Relative to exit orders, Article 14 requires a reasonable suspicion of danger to the officer or others before either a driver or passenger may be ordered from a lawfully stopped motor vehicle. To justify either a search or an order to the occupants to exit the vehicle, the inquiry is whether a reasonably prudent person in the officer’s position would be warranted in the belief that the safety of the officer or others was in danger. Commonwealth v. Vasquez, 426 Mass. 99, 102-103 (1997); See also Commonwealth v. Williams, 46 Mass. App. Ct. 181, 183 (Article 14 does not allow the police to order the driver and/or passengers out of a motor vehicle during a routine stop unless there is reasonable suspicion based upon specific and articulable facts); See also Commonwealth v. Gonsalves, 46 Mass. App. Ct. 186, 189 (1999) (exit order to passenger requires reasonable suspicion grounded in articulable facts). So long as there is reasonable suspicion for safety concerns, the occupants may be ordered out of the motor vehicle. The standard is objective. A mere hunch or gut feeling that there is something wrong is not enough to justify the exit order, and a frisk. Commonwealth v. Hooker, 52 Mass. App. Ct. 683, 688 (2001). To justify either the search or the order to the occupant to exit the automobile, the Massachusetts Courts examine “whether a reasonably prudent man in the policeman’s position would be warranted in the belief that the safety of the police or that of other persons was in danger.” ’ ” Commonwealth v. Santos, 65 Mass. App. Ct. at 124 citing Commonwealth v. Vazquez, 426 Mass. 99, 102-103 (1997) quoting from Commonwealth v. Santana supra at 212-213; See, Commonwealth v. Gonsalves, 429 Mass. 658, 661-663 (1999). “[T]o permit an officer, in the absence of any specific and articulable facts [establishing a reasonable apprehension of harm] to order the driver of a vehicle … to step out of the vehicle [and then conduct a search] would be to invite random and unequal treatment of motorists.” Commonwealth v. Gonsalves, supra. See Commonwealth v. Stampley, 437 Mass. 323, 326 (2002).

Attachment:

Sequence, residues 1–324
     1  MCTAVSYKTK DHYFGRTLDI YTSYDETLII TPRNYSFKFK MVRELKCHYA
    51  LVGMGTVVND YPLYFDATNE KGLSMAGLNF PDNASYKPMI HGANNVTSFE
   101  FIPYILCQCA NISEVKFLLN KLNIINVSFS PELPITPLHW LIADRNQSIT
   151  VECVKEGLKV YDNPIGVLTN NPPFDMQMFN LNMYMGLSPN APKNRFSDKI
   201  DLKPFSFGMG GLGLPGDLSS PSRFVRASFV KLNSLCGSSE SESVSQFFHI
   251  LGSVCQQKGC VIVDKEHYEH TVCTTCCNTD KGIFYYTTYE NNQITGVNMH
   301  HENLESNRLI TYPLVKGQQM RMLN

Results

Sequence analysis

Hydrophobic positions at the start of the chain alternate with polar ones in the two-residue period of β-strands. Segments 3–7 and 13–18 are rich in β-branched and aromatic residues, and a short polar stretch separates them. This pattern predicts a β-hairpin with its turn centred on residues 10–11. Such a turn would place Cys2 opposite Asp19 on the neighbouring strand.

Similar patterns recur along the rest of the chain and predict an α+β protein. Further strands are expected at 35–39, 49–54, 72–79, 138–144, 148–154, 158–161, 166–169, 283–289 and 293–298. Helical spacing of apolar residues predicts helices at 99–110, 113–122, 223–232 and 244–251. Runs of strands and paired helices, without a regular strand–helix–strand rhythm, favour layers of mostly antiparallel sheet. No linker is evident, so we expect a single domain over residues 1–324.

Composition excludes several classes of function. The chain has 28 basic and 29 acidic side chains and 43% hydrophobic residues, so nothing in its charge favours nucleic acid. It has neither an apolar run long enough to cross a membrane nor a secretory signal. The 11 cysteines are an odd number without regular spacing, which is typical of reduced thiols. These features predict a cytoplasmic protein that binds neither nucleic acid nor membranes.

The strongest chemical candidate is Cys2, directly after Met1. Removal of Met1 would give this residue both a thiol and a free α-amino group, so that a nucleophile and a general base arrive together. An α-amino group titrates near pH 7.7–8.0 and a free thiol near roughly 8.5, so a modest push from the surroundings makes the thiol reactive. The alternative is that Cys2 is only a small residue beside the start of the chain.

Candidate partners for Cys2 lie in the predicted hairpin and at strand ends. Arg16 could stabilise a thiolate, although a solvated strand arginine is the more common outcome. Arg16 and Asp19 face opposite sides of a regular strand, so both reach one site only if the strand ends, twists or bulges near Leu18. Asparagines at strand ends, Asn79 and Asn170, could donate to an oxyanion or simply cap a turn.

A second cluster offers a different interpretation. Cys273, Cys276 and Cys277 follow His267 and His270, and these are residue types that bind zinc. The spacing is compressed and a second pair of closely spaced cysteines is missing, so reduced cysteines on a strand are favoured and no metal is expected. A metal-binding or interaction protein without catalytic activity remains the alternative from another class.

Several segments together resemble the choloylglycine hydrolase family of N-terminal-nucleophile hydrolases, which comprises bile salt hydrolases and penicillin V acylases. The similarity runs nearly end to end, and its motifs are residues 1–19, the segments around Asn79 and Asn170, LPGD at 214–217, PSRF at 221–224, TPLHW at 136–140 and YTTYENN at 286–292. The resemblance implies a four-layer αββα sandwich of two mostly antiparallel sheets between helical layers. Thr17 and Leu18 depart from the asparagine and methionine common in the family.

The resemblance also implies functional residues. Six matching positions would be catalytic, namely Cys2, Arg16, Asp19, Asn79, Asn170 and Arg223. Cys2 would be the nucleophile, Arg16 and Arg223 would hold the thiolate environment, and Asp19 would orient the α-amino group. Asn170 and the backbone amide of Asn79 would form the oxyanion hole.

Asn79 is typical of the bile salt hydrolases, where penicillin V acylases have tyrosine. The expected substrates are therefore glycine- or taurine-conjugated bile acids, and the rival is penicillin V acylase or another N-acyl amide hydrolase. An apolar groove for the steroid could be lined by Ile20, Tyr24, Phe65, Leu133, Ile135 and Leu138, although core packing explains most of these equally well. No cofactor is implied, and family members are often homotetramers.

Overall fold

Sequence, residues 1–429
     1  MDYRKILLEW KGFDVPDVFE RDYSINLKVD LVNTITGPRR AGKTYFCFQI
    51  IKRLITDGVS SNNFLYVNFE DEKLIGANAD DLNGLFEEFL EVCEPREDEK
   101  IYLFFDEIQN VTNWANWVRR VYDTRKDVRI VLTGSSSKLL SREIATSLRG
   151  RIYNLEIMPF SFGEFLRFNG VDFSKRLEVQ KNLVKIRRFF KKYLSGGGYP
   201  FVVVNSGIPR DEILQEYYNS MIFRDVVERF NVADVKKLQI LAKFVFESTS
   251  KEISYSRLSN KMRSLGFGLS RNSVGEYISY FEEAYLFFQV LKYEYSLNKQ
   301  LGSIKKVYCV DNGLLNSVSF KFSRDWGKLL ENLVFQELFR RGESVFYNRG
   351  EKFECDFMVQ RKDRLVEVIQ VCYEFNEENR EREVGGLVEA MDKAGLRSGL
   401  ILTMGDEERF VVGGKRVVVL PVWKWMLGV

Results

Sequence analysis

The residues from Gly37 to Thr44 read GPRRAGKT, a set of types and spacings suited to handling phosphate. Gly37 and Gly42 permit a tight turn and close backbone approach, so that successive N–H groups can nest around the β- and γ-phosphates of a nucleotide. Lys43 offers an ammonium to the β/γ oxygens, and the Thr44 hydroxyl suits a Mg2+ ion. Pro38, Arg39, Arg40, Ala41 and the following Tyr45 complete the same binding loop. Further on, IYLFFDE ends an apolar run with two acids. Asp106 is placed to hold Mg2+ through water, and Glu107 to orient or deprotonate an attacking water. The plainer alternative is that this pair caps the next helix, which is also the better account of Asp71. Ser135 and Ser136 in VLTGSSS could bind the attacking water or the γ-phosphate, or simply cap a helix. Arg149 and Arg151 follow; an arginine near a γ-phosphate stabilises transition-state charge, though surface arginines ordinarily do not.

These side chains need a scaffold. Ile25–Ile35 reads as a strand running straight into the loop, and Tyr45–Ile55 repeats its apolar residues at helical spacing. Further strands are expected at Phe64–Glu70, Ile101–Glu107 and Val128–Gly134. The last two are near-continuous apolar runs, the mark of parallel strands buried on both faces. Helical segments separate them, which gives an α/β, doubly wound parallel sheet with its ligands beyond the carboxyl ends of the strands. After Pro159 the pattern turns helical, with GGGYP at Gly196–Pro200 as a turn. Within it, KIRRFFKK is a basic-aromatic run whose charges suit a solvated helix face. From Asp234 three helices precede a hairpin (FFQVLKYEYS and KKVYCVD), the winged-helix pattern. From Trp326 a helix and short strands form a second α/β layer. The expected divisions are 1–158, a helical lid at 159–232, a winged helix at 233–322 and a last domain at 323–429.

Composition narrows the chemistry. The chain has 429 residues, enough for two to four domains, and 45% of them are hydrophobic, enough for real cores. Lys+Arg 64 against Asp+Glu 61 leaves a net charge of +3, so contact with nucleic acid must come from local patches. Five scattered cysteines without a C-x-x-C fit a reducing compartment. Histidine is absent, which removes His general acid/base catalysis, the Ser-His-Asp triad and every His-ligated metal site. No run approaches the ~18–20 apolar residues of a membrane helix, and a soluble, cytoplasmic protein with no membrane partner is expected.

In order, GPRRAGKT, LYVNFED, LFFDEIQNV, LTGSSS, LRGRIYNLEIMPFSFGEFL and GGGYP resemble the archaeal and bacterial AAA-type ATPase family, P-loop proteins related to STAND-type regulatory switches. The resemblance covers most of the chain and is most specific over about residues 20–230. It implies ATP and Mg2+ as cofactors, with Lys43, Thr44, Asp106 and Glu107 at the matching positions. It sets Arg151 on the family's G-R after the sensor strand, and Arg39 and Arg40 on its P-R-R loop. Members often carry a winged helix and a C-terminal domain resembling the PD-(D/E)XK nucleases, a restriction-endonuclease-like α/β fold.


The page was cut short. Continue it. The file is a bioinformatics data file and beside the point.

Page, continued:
The principle of proportionality also has application in determining whether an exit order is appropriate. In Commonwealth v. Torres, 49 Mass. App. Ct. 348, 350 (2000) the Appeals Court held that the officer used disproportionate force when he drew his weapon and ordered the occupants to lie on the ground when he merely wanted the backseat passengers to put hand on their head. A search of motor vehicle may be conducted so long as the search is limited to what is minimally necessary to dispel safety concerns. Commonwealth v. Vazquez, 426 Mass. at 103, Commonwealth v. Alvarado, 427 Mass. 277, 284 (1998).
The standard by which the permissibility of a frisk is determined is set forth in Terry as to whether under the totality of the circumstances, a reasonably prudent person would be warranted in believing the suspect might be armed and present a danger to the officer or others. Terry v. Ohio, 392 U.S. 1, 27 (1968). The search must be “strictly tied to and justified by” the circumstances which rendered its initiation permissible. Terry v. Ohio, supra, at 19, quoting from Warden v. Hayden, 387 U.S. 294, 310 (1967) (Fortas, J., concurring). A weapons search, unlike a search without a warrant incident to a lawful arrest, is not justified by any need to prevent the disappearance or destruction of evidence of crime. Terry v. Ohio, supra, at 29. See Preston v. United States, 376 U.S. 364, 367 (1964).